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Crowd Wants Duke To Remove Coal Ash At Marshall Plant

More than 500 people packed into a school gym in Catawba County Thursday night for a public meeting about how state regulators should require Duke Energy to clean up coal ash at nearby Marshall Steam Station.

It wasn't supposed to be a public hearing, but people demanded to be heard.

The meeting at Sherrills Ford Elementary School was planned as a drop-in information session on three cleanup options for the nearby Marshall plant: removal of 17 million tons of ash, capping the ash in place or a combination of the two.

Jon Risgaard of DEQ's water resources division talks with residents about Duke Energy's plans for removing coal ash at Marshall Steam Station. (David Boraks/WFAE)
Credit David Boraks / WFAE
Jon Risgaard of DEQ's water resources division talks with residents about Duke Energy's plans for removing coal ash at Marshall Steam Station.

As people arrived, they began visiting tables around the room with maps and other information. Department of Environmental Quality experts were there to answer questions and listen.

But as more people poured into the gym, that plan derailed.

The crowd sat on bleachers and booed when assistant DEQ secretary Sheila Holman invited people to go from table-to-table.

"It's a horrible format for this many people," one woman yelled.

Then, someone suggested polling the crowd about the three options. Holman agreed, and started with the proposal to excavate the ash and move it to new, lined landfills away from Lake Norman. It was the overwhelming crowd favorite.   

It's not Duke Energy's first choice. The company says digging up coal ash at Marshall would cost more than a billion dollars and take 32 years, truckload by truckload. Duke's preferred option is to keep the ash where it is and to add a waterproof cover.

That idea got only boos.  

Only one man raised a hand for a third option - a combination of capping in place and removal.

Holman and her staff then agreed to adjust the meeting format, and for the next hour, people asked questions or commented on why they want the ash removed.


John Ong, who lives on Lake Norman, said it's the DEQ's job to protect people and the environment. That means removing the ash.

“Cost is not a factor. Duke Energy is a profit-making machine and can step up and pay for its own mistakes,” he told the DEQ officials.

Duke has gotten approval from the NC Utilities Commission to pass along most of its coal ash cleanup costs to its customers on their monthly bills.

Jane Sheaffer of Mooresville is worried about coal ash's potential threat to health. She was one of several speakers who noted that officials are investigating an unexplained spike in thyroid cancer cases in south Iredell County.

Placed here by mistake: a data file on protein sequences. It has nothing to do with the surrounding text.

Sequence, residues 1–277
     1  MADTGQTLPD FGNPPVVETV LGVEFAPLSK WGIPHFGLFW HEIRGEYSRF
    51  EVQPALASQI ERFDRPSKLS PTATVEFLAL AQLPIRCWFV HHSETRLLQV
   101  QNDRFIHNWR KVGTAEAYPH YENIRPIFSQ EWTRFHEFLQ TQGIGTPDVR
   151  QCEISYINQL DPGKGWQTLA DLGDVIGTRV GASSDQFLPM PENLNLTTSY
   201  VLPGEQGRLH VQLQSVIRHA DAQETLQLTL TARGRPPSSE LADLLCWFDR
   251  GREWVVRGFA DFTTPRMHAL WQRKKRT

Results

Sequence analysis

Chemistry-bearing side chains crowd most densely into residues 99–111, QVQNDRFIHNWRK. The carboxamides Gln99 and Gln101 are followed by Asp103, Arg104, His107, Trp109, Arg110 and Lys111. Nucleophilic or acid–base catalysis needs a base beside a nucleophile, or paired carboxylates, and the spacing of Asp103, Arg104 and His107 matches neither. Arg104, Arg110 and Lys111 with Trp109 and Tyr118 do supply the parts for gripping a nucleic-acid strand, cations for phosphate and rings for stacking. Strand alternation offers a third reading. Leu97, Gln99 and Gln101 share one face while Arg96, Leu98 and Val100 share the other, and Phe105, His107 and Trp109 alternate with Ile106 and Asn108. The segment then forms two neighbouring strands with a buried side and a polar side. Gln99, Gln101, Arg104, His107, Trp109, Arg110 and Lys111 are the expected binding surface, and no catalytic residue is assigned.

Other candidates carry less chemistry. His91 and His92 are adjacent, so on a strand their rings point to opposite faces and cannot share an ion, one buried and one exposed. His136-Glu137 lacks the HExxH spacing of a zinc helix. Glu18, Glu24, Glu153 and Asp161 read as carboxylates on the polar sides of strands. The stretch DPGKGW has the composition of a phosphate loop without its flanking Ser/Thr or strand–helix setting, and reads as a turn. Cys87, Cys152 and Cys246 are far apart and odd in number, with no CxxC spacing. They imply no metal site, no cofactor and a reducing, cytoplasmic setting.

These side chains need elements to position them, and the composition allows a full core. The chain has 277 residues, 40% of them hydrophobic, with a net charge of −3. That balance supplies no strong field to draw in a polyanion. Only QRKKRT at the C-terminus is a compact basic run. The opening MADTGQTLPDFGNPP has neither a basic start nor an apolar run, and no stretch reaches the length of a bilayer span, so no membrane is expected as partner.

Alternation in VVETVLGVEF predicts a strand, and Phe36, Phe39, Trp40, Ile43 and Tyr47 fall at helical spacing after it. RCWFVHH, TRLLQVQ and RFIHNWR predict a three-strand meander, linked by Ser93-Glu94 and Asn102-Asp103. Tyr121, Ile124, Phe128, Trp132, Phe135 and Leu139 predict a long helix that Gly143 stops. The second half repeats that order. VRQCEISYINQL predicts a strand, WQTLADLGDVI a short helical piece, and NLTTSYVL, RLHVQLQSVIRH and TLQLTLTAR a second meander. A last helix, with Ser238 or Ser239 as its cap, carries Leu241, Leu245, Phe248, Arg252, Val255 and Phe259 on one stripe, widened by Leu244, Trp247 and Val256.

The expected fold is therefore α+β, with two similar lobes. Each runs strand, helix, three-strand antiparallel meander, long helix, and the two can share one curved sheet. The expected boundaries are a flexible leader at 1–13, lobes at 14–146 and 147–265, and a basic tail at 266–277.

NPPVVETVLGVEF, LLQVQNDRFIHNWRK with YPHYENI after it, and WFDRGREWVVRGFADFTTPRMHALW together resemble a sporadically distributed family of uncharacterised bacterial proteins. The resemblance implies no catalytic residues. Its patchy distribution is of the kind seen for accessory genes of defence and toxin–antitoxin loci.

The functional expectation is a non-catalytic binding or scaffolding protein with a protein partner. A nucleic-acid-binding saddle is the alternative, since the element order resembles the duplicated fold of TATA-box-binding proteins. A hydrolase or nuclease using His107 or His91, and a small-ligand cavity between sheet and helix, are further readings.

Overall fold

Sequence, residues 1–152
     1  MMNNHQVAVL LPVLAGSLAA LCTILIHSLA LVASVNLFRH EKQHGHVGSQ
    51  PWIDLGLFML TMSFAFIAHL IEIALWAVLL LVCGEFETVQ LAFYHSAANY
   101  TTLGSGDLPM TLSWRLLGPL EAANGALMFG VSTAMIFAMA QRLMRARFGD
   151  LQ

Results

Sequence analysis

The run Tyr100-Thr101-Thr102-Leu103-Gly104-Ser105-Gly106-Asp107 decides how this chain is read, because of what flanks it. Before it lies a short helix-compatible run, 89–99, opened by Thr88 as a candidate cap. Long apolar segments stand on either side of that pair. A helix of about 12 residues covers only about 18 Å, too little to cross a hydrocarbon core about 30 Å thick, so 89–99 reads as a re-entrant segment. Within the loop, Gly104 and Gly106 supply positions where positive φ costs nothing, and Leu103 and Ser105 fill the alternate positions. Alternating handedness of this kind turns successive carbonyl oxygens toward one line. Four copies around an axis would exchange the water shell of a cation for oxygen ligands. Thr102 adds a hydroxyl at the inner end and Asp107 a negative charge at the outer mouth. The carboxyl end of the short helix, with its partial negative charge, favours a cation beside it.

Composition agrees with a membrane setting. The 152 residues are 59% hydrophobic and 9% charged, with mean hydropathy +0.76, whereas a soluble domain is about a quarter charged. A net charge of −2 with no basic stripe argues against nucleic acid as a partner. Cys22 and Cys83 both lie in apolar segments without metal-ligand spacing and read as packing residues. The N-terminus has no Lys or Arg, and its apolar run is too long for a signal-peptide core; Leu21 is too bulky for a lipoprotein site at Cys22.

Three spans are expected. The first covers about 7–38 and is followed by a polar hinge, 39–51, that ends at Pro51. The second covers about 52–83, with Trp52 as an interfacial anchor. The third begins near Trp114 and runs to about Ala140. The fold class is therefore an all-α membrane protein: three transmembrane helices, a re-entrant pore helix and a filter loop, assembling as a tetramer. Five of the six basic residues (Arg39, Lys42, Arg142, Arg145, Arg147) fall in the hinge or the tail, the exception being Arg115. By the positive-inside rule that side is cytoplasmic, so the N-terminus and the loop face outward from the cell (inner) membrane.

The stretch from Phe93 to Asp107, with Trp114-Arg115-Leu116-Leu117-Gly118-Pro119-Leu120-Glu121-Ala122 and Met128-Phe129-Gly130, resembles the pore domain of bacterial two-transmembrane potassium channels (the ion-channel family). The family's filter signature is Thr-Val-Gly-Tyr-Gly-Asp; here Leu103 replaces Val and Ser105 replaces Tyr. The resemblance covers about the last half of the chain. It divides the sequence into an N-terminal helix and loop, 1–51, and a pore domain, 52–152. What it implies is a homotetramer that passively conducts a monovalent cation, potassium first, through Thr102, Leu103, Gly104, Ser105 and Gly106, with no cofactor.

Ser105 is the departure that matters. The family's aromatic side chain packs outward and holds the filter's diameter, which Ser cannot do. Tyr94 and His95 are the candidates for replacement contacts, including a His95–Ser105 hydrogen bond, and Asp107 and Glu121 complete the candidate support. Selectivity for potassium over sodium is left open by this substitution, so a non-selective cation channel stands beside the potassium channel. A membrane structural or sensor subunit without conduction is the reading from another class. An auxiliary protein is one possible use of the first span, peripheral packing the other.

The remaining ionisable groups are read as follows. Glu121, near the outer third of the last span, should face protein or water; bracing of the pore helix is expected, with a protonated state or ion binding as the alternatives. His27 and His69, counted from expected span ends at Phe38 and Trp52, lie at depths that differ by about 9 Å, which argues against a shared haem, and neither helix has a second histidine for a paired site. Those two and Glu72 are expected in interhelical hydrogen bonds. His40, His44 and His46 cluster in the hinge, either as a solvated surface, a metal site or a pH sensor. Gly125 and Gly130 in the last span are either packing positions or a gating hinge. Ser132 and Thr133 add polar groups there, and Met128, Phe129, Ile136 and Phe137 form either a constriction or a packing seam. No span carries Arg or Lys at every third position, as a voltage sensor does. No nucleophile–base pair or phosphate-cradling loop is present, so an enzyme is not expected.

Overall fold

“The only reason we really know about it is because of a mother whose daughter had thyroid cancer. And I say that you need to be more pro-active with the health implications of these pollutants. It's terrible,” she said.

State Sen. Vickie Sawyer of Iredell County talked to residents about current studies of thyroid cancer cases in the county.
Credit David Boraks / WFAE
State Sen. Vickie Sawyer of Iredell County talked to residents about current studies of thyroid cancer cases in the county.

That prompted Iredell County state Senator Vickie Sawyer to step forward and talk about several studies now underway to try and find a cause.  

Coal ash is the residue left from burning coal and contains toxic heavy metals. The DEQ's Holman said afterward that studies elsewhere have not found a link between the components of coal ash and thyroid cancer.

Holman said despite the unplanned change in format, the meeting was helpful.

“In the end we got a lot of what we were looking for, which is comments from the community. And it didn't go in the way that we had designed it. But we made changes and I think it ultimately worked well,” Holman said.


State officials did not invite Duke Energy to these meetings. In an interview this week, spokesman Bill Norton said Duke’s studies show that all three options protect people and the environment equally. So Duke prefers the less expensive option of capping ash in place.  

“If our neighbors, if the community, if the environment are all protected, why in the world would you put our customers through five times the cost and the communities through three decades worth of disruption for the same outcome? It doesn't make sense,” Norton said.

For decades, Duke has stored coal ash at its 14 current and retired coal-fired power plants around the state.  A 2014 state law and court orders require Duke to remove the ash at eight of those plants to new lined landfills  The DEQ will decide in April how Duke should clean up the other six, including Marshall.

Another hearing like Thursday's is planned January 29th near the Allen Steam Station in Belmont.

CORRECTION: This story has been updated to note that only 17 million of the 32 million tons of coal ash at the Marshall plant are subject to clean up. It's in an old coal ash pond on the site. A spokesman says the rest is already in lined landfills.

David Boraks is a veteran journalist who covers climate change for WFAE. See more at www.wfae.org/climate-news. He also has covered housing and homelessness, energy and the environment, transportation and business.